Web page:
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Mod 23-27 Notes

Notes-Module 23 and 24 (Intro and Encoding) Mod 23Memory loss, memory feats, info processing (p. 341-342)1. Learning that persists over time indicates the existence of ________________________ for that learning.2. Memories for surprising, significant moments that are especially clear are called _______________ memories.3. Both human memory and computer memory can be viewed as _________________-_______________ systems that perform three tasks: _____________________, _____________________, and ________________.4. The most influential model of memory in recent years has been Atkinson and Shiffrin’s ____________________-__________________ ________________ model. According  to this model, we first record information as a fleeting ___________ memory, from which it is processed into a ______________-______________ memory, where the information is  ____________________ into a ________________ memory for later retrieval.5. The phenomenon of short-term memory has been clarified by the concept of __________________ memory, which integrates incoming information with the material retrieved from long-term storage. This form of memory has both ____________ and _________________ subsystems.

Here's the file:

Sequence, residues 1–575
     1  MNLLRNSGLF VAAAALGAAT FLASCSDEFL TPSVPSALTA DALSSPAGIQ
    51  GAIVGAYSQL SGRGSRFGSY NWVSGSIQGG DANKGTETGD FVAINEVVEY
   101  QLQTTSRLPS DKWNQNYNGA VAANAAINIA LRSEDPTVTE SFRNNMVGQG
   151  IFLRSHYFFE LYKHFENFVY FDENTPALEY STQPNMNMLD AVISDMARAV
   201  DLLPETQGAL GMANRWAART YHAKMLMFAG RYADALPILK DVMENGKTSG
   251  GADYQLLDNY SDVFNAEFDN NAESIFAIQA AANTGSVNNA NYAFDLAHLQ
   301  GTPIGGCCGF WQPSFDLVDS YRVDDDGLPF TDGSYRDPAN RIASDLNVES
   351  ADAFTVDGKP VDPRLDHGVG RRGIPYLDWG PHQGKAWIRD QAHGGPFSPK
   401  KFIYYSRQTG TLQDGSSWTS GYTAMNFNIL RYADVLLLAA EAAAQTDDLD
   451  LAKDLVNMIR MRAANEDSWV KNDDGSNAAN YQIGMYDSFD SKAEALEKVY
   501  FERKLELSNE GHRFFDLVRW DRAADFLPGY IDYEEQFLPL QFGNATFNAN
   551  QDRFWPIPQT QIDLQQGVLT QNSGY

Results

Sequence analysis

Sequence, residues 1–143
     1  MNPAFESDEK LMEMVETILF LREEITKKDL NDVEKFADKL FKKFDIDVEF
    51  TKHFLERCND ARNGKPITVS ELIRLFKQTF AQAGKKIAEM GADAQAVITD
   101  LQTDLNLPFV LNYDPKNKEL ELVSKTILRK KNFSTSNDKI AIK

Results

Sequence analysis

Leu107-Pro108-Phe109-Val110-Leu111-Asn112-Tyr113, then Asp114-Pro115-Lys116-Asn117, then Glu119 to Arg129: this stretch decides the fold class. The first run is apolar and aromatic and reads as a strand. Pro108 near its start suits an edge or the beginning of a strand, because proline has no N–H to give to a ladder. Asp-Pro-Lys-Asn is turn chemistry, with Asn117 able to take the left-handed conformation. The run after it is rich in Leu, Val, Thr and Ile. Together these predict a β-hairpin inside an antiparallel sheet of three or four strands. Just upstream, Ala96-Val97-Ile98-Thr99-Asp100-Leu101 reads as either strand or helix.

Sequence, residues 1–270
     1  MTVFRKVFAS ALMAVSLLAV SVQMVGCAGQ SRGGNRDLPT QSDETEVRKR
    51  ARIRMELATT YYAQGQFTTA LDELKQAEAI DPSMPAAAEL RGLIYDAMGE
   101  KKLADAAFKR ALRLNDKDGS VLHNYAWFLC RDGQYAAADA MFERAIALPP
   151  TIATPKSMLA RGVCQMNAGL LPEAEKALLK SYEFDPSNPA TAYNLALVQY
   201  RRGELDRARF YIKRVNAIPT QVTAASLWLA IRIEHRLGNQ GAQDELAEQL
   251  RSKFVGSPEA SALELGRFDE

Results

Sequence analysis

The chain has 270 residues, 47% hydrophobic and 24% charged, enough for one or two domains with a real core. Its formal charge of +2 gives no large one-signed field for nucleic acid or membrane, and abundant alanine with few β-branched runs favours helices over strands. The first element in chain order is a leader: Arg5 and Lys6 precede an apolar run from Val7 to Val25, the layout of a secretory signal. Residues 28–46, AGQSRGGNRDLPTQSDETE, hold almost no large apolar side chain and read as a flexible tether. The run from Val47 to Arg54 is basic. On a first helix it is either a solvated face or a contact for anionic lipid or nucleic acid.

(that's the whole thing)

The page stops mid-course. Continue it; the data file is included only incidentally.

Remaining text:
Mod 24How we encode (p. 344-346)1. A distinction is made between encoding that does not require conscious attention and is therefore ___________________ and that which is __________________.2. With novel information, conscious repetition, or ________________, boosts memory.3. A pioneering researcher in verbal memory was _______________. In one experiment, he found that the longer he studied a list of nonsense syllables, the ____________________ (fewer/greater) the number of repetitions he required to relearn it later. 4. After material has been learned, additional repetitions, or _______________, usually will increase retention.5. When people go around a circle reading words, their poorest memories are for the _____________ (least/most) recent information heard. This phenomenon is called ______________-_______________-____________ effect.6. Memory studies also reveal that distributed rehearsal is more effective for retention; this is called the _______________ __________________. A variation on this technique, called ________________ _______________ ______________, involves gradually increasing that length of time between periods in which new material is rehearsed.7. The tendency to remember the first and last items in a list best is called the _________________ __________________ _________________. Following a delay, first items are remembered ____________ (better/less well) that last items. What we encode (p. 347-351)1. Encoding the meaning of words is referred to as ______________ encoding; encoding by sound is called __________________ encoding; encoding the image of words is ________________ encoding.2. Craik and Tulving’s study comparing visual, acoustic, and semantic coding showed that memory was best with _______________ encoding.3.Our excellent recall of information that relates to ourselves is called the ______________-_________________ effect.4. Memory that consists of mental pictures is based on the use of ______________.5. Your earliest memories are most likely of events that occurred when you were about ____________ years old.6. Concrete, high-imagery words tend to be remembered ___________(better/less well) than abstract, low-imagery words.7. Memory aids are known as _________________ devices. One such device involves forming associations between a familiar series of locations and to-be-remembered words; this technique is called the “______________ ____________ _______________.”8. Using a jingle, such as one that begins “one is a bun,” is an example of the “______________-_____________” system.9. Memory may be aided by grouping information into meaningful units called _________________. An example of this technique involves forming words from the first letters of to-be-remembered words; the resulting word is called an ______________.10. In addition, material may be processed into __________________, which are composed of a few broad concepts divided into lesser concepts, categories, and facts.Notes-Module 25 and 26 Mod 25Sensory Memory (p. 353)1. If you are able to retrieve something from memory, you must have engaged in the passive process of __________________.2. Stimuli from the environment are first recorded in ______________ memory.3. George Sperling found that when people were briefly shown three rows of letters, they could recall ___________ (virtually all/ about half) of them. When Sperling sounded a tone immediately after a row of letters was flashed to indicate which letters were to be recalled, the subjects were much ________ (more/less) accurate. This suggests that people have a brief photographic, or _________________, memory lasting about a few tenths of a second.4. Sensory memory for sounds is called ________________ memory. This memory fades ___________ (more/less) rapidly than photographic memory, lasting for as long as _________. Short-term memory and Long-term memory (p. 354-355)1. Peterson and Peterson found that when ___________________ was prevented by asking subjects to count backward, memory for letters was gone after 12 seconds. Without ______________ processing, short-term memories have a limited life.2. Our short-term memory capacity is about _________________ chunks of information.3. Short-term memory for random _______________ (digits/letters) is slightly better than for random (digits/ letters), and memory for information we hear is somewhat _____________ (better/worse) than that for information we see.4. Both children and adults have short-term recall for roughly as many words as they can speak in ______________ (how many?) seconds.5. In contrast to short-term memory—and contrary to popular belief—the capacity of permanent memory is essentially _________________. Storing Memories in the Brain (p. 355-360)1. Penfield’s electrically stimulated patients _______ (do/do not) provide reliable evidence that our stored memories are precise and durable.2. It is likely that forgetting occurs because new experiences _______________ with our retrieval of old information and the physical memory trace _____________ with the passage of time.3. Lashley attempted to locate memory by cutting out pieces of rats’ ____________ after they had learned a maze. He found that no matter where he cut, the rats ____________ (remembered/forgot) the maze.4. Gerard found that a hamster’s memory remained even after its body temperature was lowered to a point where the brain’s ____________ activity stopped.5. Researchers believe that memory involves a strengthening of certain neural connections, which occurs at the ________________ between neurons.6. Kandel and Schwartz have found that when learning occurs in the sea snail Aplysia, the neurotransmitter _______________ is released in greater amounts, making synapses more efficient.7. After learning has occurred, a sending neuron needs ____________ (more/less) prompting to fire, and the number of ______________ ______________ it stimulates may increase. This phenomenon, called ____________-_____________ _______________, may be the neural basis for learning and memory. Blocking this process with a specific ______________, or by genetic engineering that causes the absence of an _____________, interferes with learning. Rats given a drug that enhances _________________ will learn a maze ________________ (faster/more slowly). 8. Although researchers may someday discover drugs or nutrients that boost memory by signaling brain cells to produce new __________________, the herb _________________ ______________ only modestly improves memory.9. A blow or an electric shock to the brain _____________ (will/will not) disrupt old memories and __________ (will/will not) wipe out recent experiences.10. Hormones released when we are excited or under stress often ______________ (facilitate/impair) learning and memory. Drugs that block the effects of stress hormones _______________ (facilitate/ disrupt) memories of emotional events. Stress that is prolonged, however, may cause an area of the brain that is vital for laying down memories to ________________. 11. The loss of memory is called _______________. Studies of people who have lost their memory suggest that there ________ (is/is not) a single unified system of memory.12. Although amnesia victims typically _______________ (have/have not) lost their capacity for learning, which is called _______________ memory, they (are/ are not) able to declare their memory, suggesting a deficit in their _____________ memory systems.13. Amnesia patients typically have suffered damage to the __________________ of their limbic system. This brain structure is important in the processing and storage of __________________ memories. Damage on the left side of this structure impairs _________________ memory for _______________________ designs and locations.14. The hippocampus seems to function as a zone where the brain ________________ (temporarily/ permanently) store the elements of memory. However, memories ___________ (do/do not) migrate for storage elsewhere. Recalling past experiences activates various parts of the ___________________ and ____________________ lobes.15. The cerebellum is important in the processing of ________________ memories. Humans and laboratory animals with a damaged cerebellum are incapable of simple _________________-____________________ conditioning. Those with damage to the _____________ are incapable of _________________ conditioning, indicating that this brain region is important in the formation of ________________ memories.16. The dual explicit-implicit memory system helps explain _________________ amnesia. We do not have explicit memories of our first three years because the _______________ is one of the last brain structures to mature. Mod 26Retrieval Cues, Context Effects, and Moods and Memories (p. 362-365)1. The ability to retrieve information not in conscious awareness is called _________________.2. Bahrick found that 25 years after graduation, people were not able to ____________ (recall/recognize) the names of their classmates but were able to _____________ recall/recognize) 90 percent of their names and yearbook pictures.3. If you have learned something and then forgotten it, you will probably be able to ___________ it ____________ (more/less) quickly than you did originally.4. The process by which associations can lead to retrieval is called ______________. The best retrieval cues come from the associations formed at the time we ______________ a memory.5. Studies have shown that retention is best when learning and testing are done in _______________ (the same/different) contexts.6. The type of memory in which emotions serve as retrieval cues is referred to as ____________-_____________ memory.7. People who are currently depressed may recall their parents as _____________________________________________. People who have recovered from depression typically recall their parents about the same as do people who ___________________________________________________________.Notes-Mod 27 Forgetting (p. 366-371)1. Memory researcher Daniel Schacter has identified the seven sins of memory, divided into three categories that identify the ways in which our memory can fail: the three sins of _________________; the three sins of _________________; and the one sin of _______________.2. The first category of sins refers to forgetting caused by ________________ failure; ____________ _____________ and _______________ ____________. The second category has to do with memory __________________, and the third category deals with __________________ memories.3. Encoding failure occurs because some of the information that we sense __________________________. One reason for age-related memory decline is that the brain areas responsible for ________________ new information are ______________ (more/less) responsive in older adults.4. Studies by Ebbinghaus and by Bahrick indicate that most forgetting occurs ___________________ (soon/a long time) after the material is learned. This type of forgetting is known as ____________________ _________________.5. When information that is stored in memory temporarily cannot be found, __________________ failure has occurred.6. Research suggests that memories are also lost as a result of _______________, which is especially possible if we simultaneously learn similar, new material.7. The disruptive effect of previous learning on current learning is called ______________ _______________. The disruptive effect of learning new material on efforts to recall material previously learned is called ______________ __________________.8. Jenkins and Dallenbach found that if subjects went to sleep after learning, their memory for a list of nonsense syllables was _____________ (better/worse) than it was if they stayed awake.9. In some cases, old information facilitates our learning of new information. This is called ________________ _____________.10. Freud proposed that motivated forgetting, or __________________, may protect a person from painful memories. Increasing numbers of memory researchers think that motivated forgetting is ____________ (less/more) common than Freud believed.        Memory Construction (p. 372-381)1. Research has shown that recall of an event is often influenced by past experiences and present assumptions. The workings of these influences illustrate the process of memory ___________________.2. When witnesses to an event receive misleading information about it, they may experience a ______________ _______________ and misremember the event. A number of experiments have demonstrated that false memories __________ (can/cannot) be created when people are induced to imagine nonexistent events. People who believe they have recovered memories of alien abduction and child sex abuse then to have _________________ ________________.3. At the heart of many false memories is ____________ ____________, which occurs when we ________________ an event to the wrong source. Researchers compare memories to _______________, noting that people’s initial _______________ of events influence their memories.4. The persistence of a memory _____________ (does/does not) reveal whether or not it derives from an actual experience. Whereas real memories have more _____________, gist memories are more ______________.5. PET scans comparing brain activity when a subject is truly or falsely recalling a word reveal different activity patterns in an area of the _____________ _______________ ____________, but not in the ______________.6. Eyewitnesses’ confidence in their memories ____________ (is/is not) related to the accuracy of those memories.7. Memory construction explains why memories “refreshed” under _____________ are often inaccurate.8. Research studies of children’s eyewitness recall reveal that preschoolers _____________ (are/are not) more suggestible than older children or adults. For this reason, whether a child produces and accurate eyewitness memory depends heavily on how he or she is _______________.9. A person whose identity centers around a false but strongly believed traumatic memory is said to be suffering from the _____________ __________________ _________________.10. Memories of events that happened before age _______ are unreliable. This phenomenon is called ______________ ________________.